The brutal cold front that has taken hold of the New Orleans area apparently claimed the life of an 8-month-old boy in Metairie on Wednesday morning, when the car his mother was driving slipped from an icy bridge and plunged into a drainage canal.

The accident that killed Kollage Le-Silva was one of at least two in the area to result in deaths Wednesday, when many local traffic arteries froze over during a record-breaking cold snap.  

[MORE DETAILS: Injured mother, infant killed in tragic Metairie crash headed to babysitter, dad says]

About five hours earlier, a man standing on Interstate 10 in New Orleans following a crash was killed by a car that spun out of control on the slick highway and slammed into him. 

In the Metairie crash, Jefferson Parish Sheriff Joseph Lopinto said, Kollage's mother was driving over a small bridge "completely covered in ice" when she lost control, flipped over a curb, and rolled into the canal dividing West Esplanade Avenue near Wilson Drive about 9:35 a.m.

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Kollage's father, Kollage Le, said the mother was going to drop their son off at a babysitter's down the street from where she worked. He said they had all been together just minutes before the accident occurred and split up because he had to work as well. 

"It just happened," Kollage Le said. "There's nothing to say." 

Dave Tibbetts, the chief of the fire department serving Metairie, said members of his agency arrived at the scene in less than four minutes and pulled the woman and infant out of the small gold Nissan SUV, which was in 3 or 4 feet of water.

The firefighters had help from passers-by, Tibbetts said.

Paramedics took the woman to East Jefferson General Hospital and the boy to Tulane Medical Center Lakeside, where he was pronounced dead. 

Tibbetts said paramedics chose those facilities rather than the highly regarded trauma center at University Medical Center in New Orleans in part because of the icy roads. 

Lopinto said neither Kollage nor the woman was awake when they were pulled from the canal. He said the woman's injuries were "very serious," and she remained in critical condition later Wednesday.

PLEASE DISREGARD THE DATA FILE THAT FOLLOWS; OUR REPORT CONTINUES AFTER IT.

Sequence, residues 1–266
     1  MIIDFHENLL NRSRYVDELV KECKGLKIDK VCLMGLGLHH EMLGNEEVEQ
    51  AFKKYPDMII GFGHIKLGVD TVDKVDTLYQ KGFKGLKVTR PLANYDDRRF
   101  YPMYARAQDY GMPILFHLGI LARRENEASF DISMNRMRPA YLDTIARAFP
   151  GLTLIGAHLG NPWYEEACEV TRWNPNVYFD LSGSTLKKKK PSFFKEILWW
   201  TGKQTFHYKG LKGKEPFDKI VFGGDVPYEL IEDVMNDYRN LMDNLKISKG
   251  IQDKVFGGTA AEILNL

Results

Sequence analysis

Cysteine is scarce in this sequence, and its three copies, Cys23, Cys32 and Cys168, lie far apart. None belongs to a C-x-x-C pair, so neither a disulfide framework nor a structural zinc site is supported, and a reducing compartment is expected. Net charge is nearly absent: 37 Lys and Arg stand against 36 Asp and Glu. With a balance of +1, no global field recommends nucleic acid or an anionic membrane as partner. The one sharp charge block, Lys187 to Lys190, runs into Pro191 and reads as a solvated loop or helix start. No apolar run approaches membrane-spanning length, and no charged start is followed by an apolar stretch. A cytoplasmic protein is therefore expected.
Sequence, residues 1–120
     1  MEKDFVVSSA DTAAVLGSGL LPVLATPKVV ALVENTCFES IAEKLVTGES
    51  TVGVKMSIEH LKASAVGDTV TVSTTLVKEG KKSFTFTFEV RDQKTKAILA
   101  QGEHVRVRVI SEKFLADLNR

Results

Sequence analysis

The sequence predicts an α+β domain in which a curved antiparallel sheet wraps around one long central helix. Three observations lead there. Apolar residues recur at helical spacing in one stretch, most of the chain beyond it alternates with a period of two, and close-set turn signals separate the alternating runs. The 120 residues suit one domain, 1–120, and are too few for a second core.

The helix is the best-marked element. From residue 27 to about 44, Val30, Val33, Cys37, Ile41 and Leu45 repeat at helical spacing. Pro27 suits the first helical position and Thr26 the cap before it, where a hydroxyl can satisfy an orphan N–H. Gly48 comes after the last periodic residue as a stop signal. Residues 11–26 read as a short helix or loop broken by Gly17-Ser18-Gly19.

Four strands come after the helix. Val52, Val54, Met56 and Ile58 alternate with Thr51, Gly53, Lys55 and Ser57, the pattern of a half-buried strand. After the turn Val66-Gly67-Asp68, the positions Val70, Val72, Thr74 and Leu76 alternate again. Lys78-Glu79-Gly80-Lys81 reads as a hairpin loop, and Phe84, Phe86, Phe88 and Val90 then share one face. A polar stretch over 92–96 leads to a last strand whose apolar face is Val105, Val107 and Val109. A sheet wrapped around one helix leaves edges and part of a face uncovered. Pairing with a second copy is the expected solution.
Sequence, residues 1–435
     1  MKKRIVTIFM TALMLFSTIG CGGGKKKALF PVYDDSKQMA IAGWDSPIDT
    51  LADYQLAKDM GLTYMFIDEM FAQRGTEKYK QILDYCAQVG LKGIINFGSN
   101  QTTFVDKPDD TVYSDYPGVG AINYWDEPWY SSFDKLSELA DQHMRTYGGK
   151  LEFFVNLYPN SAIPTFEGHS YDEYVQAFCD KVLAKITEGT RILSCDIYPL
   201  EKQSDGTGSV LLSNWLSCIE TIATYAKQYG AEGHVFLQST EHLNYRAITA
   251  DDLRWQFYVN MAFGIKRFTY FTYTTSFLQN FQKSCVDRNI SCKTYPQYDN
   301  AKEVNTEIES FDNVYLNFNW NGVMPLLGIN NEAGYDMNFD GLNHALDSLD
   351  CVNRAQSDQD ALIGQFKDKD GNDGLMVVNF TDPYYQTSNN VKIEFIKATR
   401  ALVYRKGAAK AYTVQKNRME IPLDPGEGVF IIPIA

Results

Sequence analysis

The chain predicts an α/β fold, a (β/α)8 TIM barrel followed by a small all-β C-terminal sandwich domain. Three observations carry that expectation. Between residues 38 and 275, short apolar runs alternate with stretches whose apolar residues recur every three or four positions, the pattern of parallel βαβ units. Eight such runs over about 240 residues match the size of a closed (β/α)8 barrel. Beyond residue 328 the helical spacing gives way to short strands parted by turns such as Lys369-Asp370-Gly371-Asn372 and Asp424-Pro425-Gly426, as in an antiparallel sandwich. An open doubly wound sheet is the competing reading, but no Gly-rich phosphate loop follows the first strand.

Her name was not released.  

Lopinto added that the accident illustrated the danger of driving on slippery roads.

"Use this as a reminder ... to stay home," he said. "We don't need any more of this."

As he spoke, a child's blue-and-red bouncer seat floated in the canal nearby, apparently having drifted out of the Nissan that was mangled in the accident. 

Jefferson Parish President Mike Yenni acknowledged that some residents have pushed the parish to install guardrails along the canals lining major thoroughfares such as West Esplanade, West Metairie Avenue and Veterans Memorial Boulevard.

A number of cars have plunged into such canals, and occasionally those in the vehicles have died.

Yet Yenni said he doubted guardrails — which can be costly — would have been able to stop a vehicle that both flipped and rolled.

He said he would rather have people listen to the parish officials who urged residents to stay at home or drive slowly if they must hit the roads. "Many people are following that advice," Yenni said. "This is concrete proof of why." 

The New Orleans accident occurred about 4:45 a.m. and killed a 57-year-old man who was standing near a Ford Explorer that had been involved in a crash in the westbound lanes of I-10 near Franklin Avenue.

The Explorer was facing the wrong direction and apparently startled a woman driving past in a Toyota Tundra. Police said she tried to avoid passing near the Explorer and hit her brakes but spun out on the ice.

The Tundra hit the Explorer, which in turn knocked the man standing nearby off the elevated highway and onto the ground several feet below.

Officials pronounced the man dead at the scene. They said the Tundra's driver and two passengers were taken to a hospital for treatment.

The Tundra's driver showed no signs of being impaired, investigators added. 

Staff writer Faimon A. Roberts III contributed to this report. 

Follow Faimon A. Roberts III on Twitter, @faimon.

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